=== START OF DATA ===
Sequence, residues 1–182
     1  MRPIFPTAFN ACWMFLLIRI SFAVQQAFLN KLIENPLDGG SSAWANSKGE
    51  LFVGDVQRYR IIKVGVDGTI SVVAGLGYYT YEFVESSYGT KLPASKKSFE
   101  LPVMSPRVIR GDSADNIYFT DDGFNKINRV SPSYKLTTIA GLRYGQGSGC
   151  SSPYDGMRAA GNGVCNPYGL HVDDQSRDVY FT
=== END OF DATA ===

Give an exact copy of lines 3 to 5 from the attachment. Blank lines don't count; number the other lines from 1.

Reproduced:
    51  LFVGDVQRYR IIKVGVDGTI SVVAGLGYYT YEFVESSYGT KLPASKKSFE
   101  LPVMSPRVIR GDSADNIYFT DDGFNKINRV SPSYKLTTIA GLRYGQGSGC
   151  SSPYDGMRAA GNGVCNPYGL HVDDQSRDVY FT